bad Winston doesn't have a better sense of pro
portion ... I don't think he will ever climb to the
top In English politics."
Soldier, author, national hero, and cabinet
minister before he was forty, Churchill never
conformed to a pattern. He brought Britain to
Its feet by its own bootstraps during the dismal
days following Dunkirk and used his undefeat
able courage to move his people to a campaign
of "blood, sweat and tears" seldom equaled in
modern history. The fact that Churchill saw hope
when others were despairing and opportunity when
even friends expected defeat prompted Asquith's
ill-fated prophecy. .
With memories of wartime ChurcbiHean
leadership In mind, Britons and American's alike
waited anxiously to see if the aging statesman,
whose party held a parliamentary majority of
nly lt seats, would be capable of mastering
the mountainous problems left to him by six
years of Labor's socialist rule.
The new prime minister's first two official
acts, after naming many of his wartime associates instance, that we did not take a firm stand with
to his new cabinet, were to order a fresh division them in Iran, and they are expecting more cooper-
of British troops to Egypt's seething Suez canal chance to name, over the objections of Turkey and
zone and to request a speed-up in Britain's atomic ation throughout the Middle East including a
program. Citizens of both countries were left little other nearby states, the commander of any Middle
room Sot doubt. The 76-year-old lion was still East defense command. The Conservatives can't
roaring. be counted on to change the pussy-footing Pacific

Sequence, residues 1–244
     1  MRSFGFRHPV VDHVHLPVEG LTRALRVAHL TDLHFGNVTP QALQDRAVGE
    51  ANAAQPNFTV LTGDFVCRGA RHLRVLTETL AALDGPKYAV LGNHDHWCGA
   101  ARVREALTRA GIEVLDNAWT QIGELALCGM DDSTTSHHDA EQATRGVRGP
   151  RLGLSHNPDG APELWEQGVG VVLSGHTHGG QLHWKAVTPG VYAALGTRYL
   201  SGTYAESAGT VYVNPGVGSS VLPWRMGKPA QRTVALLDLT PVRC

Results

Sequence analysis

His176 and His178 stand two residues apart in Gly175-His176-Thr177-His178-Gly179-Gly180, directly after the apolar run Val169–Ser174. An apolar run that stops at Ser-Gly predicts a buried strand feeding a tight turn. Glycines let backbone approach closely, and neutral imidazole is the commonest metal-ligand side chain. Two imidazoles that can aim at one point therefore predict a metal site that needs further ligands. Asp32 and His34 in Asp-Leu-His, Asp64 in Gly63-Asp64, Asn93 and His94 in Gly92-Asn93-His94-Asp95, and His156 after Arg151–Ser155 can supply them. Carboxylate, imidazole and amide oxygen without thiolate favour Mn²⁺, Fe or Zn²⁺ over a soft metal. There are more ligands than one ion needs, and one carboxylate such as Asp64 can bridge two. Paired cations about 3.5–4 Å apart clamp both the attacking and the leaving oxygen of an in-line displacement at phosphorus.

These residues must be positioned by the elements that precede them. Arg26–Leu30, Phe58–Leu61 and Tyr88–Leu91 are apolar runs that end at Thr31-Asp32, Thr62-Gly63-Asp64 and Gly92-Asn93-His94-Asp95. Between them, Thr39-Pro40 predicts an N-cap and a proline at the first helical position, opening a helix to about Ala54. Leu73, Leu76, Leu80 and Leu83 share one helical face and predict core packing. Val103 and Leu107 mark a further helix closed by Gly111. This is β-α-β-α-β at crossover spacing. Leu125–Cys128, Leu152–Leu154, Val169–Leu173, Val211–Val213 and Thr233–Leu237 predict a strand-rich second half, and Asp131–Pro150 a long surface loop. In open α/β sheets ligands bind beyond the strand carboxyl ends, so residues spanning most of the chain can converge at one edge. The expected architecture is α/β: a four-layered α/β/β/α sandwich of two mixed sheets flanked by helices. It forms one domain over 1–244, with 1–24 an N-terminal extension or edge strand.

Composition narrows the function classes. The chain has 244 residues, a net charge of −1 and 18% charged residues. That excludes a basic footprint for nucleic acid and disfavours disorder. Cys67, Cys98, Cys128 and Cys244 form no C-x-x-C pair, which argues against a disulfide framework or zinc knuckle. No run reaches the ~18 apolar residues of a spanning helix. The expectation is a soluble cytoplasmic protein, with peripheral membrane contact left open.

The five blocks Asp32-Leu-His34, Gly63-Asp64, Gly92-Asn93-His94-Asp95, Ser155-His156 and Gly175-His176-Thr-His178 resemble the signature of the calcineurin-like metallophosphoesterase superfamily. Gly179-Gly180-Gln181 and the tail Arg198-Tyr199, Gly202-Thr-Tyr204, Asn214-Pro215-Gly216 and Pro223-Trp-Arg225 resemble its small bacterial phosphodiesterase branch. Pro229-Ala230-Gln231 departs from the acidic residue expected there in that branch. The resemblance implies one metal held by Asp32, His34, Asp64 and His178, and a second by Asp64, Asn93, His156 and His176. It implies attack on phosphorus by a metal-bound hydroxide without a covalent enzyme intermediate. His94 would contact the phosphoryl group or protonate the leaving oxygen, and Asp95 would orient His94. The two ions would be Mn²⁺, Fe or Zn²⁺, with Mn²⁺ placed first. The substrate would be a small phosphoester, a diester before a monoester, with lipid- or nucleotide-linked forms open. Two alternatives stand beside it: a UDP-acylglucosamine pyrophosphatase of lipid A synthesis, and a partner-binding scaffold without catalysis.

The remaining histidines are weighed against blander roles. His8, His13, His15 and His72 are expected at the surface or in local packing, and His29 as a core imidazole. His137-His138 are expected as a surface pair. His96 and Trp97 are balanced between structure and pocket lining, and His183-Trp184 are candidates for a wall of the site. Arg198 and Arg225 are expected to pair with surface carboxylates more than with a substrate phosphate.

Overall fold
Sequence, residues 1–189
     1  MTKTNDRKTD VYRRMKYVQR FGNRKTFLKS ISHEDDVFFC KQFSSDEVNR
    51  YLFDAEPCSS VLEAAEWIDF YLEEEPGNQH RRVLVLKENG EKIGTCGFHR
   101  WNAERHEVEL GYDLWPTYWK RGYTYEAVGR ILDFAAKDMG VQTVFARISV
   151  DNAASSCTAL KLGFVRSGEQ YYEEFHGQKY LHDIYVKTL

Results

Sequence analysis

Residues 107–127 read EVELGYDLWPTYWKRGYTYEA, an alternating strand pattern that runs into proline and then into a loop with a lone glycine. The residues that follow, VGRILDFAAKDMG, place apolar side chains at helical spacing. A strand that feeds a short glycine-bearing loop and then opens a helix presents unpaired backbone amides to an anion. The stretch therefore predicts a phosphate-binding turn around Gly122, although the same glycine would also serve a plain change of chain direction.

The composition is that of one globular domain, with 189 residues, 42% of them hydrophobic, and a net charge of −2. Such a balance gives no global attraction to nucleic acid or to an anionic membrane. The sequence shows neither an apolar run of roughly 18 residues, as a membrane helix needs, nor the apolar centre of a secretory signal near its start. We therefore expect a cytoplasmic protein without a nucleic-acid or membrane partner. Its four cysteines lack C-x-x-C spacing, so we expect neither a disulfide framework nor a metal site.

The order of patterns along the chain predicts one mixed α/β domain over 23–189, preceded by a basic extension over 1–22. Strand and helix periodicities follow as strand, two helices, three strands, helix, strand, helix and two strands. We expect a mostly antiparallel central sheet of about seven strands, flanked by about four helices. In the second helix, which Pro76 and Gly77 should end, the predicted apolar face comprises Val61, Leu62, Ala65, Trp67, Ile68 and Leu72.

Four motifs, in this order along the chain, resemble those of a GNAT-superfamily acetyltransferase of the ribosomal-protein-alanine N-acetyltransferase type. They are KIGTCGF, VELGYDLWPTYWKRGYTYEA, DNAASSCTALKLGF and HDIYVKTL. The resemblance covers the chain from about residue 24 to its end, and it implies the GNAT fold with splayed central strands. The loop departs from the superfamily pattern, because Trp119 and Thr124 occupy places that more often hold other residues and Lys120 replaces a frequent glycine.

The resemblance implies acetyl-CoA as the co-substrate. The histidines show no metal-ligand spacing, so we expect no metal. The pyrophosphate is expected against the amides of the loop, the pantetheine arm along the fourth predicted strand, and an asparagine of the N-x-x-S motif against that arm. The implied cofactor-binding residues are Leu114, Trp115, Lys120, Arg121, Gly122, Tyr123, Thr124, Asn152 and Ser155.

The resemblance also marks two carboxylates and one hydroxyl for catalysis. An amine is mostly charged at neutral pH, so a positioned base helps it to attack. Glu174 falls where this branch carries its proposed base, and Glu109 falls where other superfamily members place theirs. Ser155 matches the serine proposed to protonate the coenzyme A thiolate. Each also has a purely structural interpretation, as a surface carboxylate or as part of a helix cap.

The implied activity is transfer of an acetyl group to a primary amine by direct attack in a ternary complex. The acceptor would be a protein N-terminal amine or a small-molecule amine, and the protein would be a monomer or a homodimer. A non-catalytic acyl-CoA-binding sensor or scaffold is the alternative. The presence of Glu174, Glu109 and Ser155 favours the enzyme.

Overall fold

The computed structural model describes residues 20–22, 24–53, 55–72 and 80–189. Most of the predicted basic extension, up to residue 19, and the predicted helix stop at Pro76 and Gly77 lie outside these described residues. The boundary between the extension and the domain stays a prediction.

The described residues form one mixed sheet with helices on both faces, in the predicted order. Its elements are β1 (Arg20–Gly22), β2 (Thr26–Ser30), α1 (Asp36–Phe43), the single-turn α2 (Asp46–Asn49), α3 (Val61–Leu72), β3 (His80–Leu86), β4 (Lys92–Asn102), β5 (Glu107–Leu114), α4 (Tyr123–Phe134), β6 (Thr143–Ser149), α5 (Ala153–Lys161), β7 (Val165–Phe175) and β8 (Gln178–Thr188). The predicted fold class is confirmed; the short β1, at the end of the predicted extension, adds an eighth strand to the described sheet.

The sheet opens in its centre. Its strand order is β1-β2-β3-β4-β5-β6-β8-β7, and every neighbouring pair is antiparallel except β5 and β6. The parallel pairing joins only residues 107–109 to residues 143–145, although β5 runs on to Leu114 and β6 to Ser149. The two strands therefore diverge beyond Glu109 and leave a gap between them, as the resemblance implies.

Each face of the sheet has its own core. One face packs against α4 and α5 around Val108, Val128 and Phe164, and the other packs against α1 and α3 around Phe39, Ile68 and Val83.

Actually, however, far less change is in order policy set up by the Laborites because Britain
in Britain's foreign and domestic policy than most still claims to need markets in China for her
Americans realize. The new government has the manufactures.
dubious honor of being called to lead a country
which has been losing money, overseas posses
sions and prestige for five years, which must
import 50 per cent of its food and a high propor
tion of its raw materials from steadily dwindling
sources of supply and which must finance a $13
billion rearmament program which it cannot af
ford on top of a costly socialist welfare system.
Dynamic a leader as he is, Churchill will
need more than enthusiasm to conquer these dif
ficulties. Despite the fact that the Conservatives
are more friendly toward the U. S. than the
Laborites were, Churchill is primarily interested
in returning Britain to ber ''rightful" place in
world affairs; i.e., equal, not subservient, to the
The British are more than a little peeved, for
The concession program is di
vided into two phases:
"Our program of riving ath
letes an opportunity to earn
extra money selling conces
sions at athletic contests is dif
ferent from the system used in
most colleges," Klein said.
"Frequently concessions are sold tives to five books of buttons,
by commercial firms. Under thir Each of these books is approxi
system, only a few students arc mately one and one-half feet
employed at small salaries." i thick.
Athletes of all freshman and1 collecting buttons end wearina
them are usually two different
things as far as Miss Kunkel is
Bus. Ad. Banquet
Tuesday To Feature
Talk On Economics